With the devastating cold and flu season on the horizon, I thought it would be helpful to share some herbs and tips about how to support our lungs during this time. Our Respiratory system is responsible for the amazing process of BREATHING, through which our bodies take in oxygen to feed our cells and our blood. It is through our breath that we see the obvious reciprocity that human beings have with the plant world. As plants turn carbon dioxide into oxygen, we turn oxygen into carbon dioxide. Not only do our lungs carry oxygen into our body, they also help us to filter out toxins. When there are more toxins in the air, there are herbs that can help the lungs with this process. Taking lung supportive herbs is also a way to show our bodies some loving care for the work they do everyday, and some extra support for the hard work they have been doing lately. Many herbs that support the lungs also help us to move and process grief, as the loss of our forests and families, and the increasing threats of climate change has certainly brought this up for us, some more deeply than others. (Remember that these are supportive practices, and first and foremost, we should avoid excessive exposure to toxic air quality, especially if we already have weakness in the lungs.)
Licorice: Licorice is an amazing herb with so many uses one could probably write an entire book about it, but for now we will stay focused on our respiratory system. Licorice has demulcent properties that soothe irritated tissues, and has an energizing quality that can help with some of the fatigue associated with smoky weather. The herb acts as a vasodilator to the blood vessels in the lungs, thus helping us breathe more deeply. It can also be useful for asthma or the inability to breathe deeply due to stress and tightening in the chest. Glycyrrhiza glabra adds a nice touch of sweetness to any tea blend, and acts as an activator and assimilator for other medicinal herbs in your blend. Michael Tierra writes, “It is good for dryness of the lungs, coughs and colds; it clears heat, detoxifies poisons, relieves abdominal pains and spasms, and counteracts sore throat.”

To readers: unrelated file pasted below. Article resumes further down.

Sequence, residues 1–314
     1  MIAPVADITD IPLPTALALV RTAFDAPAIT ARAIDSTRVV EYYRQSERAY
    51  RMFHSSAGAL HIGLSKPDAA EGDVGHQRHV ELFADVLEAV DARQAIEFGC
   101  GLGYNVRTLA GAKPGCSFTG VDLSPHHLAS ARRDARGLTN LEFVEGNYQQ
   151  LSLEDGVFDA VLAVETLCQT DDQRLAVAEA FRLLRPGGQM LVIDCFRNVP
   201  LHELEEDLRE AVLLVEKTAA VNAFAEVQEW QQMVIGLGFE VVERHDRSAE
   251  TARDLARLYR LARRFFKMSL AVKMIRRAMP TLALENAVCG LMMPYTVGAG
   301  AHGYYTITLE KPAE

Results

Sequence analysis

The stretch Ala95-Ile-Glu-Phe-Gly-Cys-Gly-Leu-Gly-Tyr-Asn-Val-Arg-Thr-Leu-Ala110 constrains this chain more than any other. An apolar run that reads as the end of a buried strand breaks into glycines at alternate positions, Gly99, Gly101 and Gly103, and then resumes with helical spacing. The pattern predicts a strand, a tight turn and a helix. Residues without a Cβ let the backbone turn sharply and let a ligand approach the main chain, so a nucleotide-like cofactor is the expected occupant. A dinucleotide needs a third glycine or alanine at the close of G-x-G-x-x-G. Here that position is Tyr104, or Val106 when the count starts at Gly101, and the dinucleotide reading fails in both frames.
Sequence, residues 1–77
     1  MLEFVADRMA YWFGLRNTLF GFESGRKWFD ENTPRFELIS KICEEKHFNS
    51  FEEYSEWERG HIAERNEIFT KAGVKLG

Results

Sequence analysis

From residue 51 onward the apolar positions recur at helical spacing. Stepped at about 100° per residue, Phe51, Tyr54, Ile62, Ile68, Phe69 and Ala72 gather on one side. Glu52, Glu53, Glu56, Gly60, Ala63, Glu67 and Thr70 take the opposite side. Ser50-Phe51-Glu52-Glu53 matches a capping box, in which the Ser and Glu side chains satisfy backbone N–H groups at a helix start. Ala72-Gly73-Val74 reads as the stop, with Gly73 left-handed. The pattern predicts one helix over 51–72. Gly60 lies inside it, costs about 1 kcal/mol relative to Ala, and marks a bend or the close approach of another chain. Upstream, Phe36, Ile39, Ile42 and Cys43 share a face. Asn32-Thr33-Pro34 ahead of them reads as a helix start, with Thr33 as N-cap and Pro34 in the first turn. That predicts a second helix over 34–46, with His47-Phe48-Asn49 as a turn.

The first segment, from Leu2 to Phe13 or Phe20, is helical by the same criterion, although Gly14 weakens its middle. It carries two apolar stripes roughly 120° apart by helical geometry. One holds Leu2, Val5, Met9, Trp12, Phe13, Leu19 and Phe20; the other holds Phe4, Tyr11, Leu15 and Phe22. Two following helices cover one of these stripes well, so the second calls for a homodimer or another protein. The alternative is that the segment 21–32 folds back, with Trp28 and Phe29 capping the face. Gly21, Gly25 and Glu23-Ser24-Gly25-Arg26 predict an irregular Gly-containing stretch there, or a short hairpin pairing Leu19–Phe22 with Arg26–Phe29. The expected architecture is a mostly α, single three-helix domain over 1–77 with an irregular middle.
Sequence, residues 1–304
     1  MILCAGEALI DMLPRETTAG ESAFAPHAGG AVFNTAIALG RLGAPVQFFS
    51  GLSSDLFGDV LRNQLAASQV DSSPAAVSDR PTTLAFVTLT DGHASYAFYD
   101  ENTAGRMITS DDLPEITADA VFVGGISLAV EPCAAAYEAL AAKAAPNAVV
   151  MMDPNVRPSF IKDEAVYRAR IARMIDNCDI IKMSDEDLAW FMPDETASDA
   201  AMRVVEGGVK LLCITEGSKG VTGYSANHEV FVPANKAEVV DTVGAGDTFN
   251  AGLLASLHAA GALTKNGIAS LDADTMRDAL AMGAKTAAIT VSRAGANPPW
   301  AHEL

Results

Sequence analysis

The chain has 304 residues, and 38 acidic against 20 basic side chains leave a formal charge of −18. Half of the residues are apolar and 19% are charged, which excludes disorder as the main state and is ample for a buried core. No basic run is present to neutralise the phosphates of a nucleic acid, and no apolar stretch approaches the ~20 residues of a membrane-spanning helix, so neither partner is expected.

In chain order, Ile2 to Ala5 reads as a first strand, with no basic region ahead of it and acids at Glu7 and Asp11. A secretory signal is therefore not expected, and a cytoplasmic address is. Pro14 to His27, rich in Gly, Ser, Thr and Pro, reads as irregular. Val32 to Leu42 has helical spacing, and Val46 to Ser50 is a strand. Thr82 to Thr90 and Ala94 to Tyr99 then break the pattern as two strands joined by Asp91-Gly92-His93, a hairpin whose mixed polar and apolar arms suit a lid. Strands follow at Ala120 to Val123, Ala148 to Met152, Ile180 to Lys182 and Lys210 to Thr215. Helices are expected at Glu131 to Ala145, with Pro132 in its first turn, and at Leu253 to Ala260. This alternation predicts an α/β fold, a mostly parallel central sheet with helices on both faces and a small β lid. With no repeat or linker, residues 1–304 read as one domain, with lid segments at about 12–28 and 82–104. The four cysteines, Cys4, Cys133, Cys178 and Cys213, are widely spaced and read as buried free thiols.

Marshmallow Root and Leaf: Marshmallow also acts as a demulcent, as well as an expectorant by helping the body to thin and expel excess mucus. A wonderful, soothing, vulnerary (wound healing), nutritive and anti-inflammatory herb that is also very useful in for digestive issues. Not to mention marshmallow is an adorable, soft, sweet and easy to grow flower that will brighten up your garden. Through the softness of marshmallow we are able to work through more harsh emotions such as anger, grief and fear.
Mullein: Mullein is the Queen of Lung Herbs (pictured above)! Her giant soft leaves act as a signifier for a plant that is associated with the lungs. The hairs on her leaves mirror the cilia that cover our lungs. Mullein is commonly used in smoking blends, but can also be used in tea or tincture. Mullein is anti-inflammatory, antispasmodic, nutritive, and healing for the lungs. David Hoffman says “It is an ideal remedy for toning the mucous membranes of the respiratory system, reducing stimulation whilst stimulating fluid production and thus facilitating expectoration.” Mullein aids us in taking a deep breath of new life into our lungs after struggle and conflict.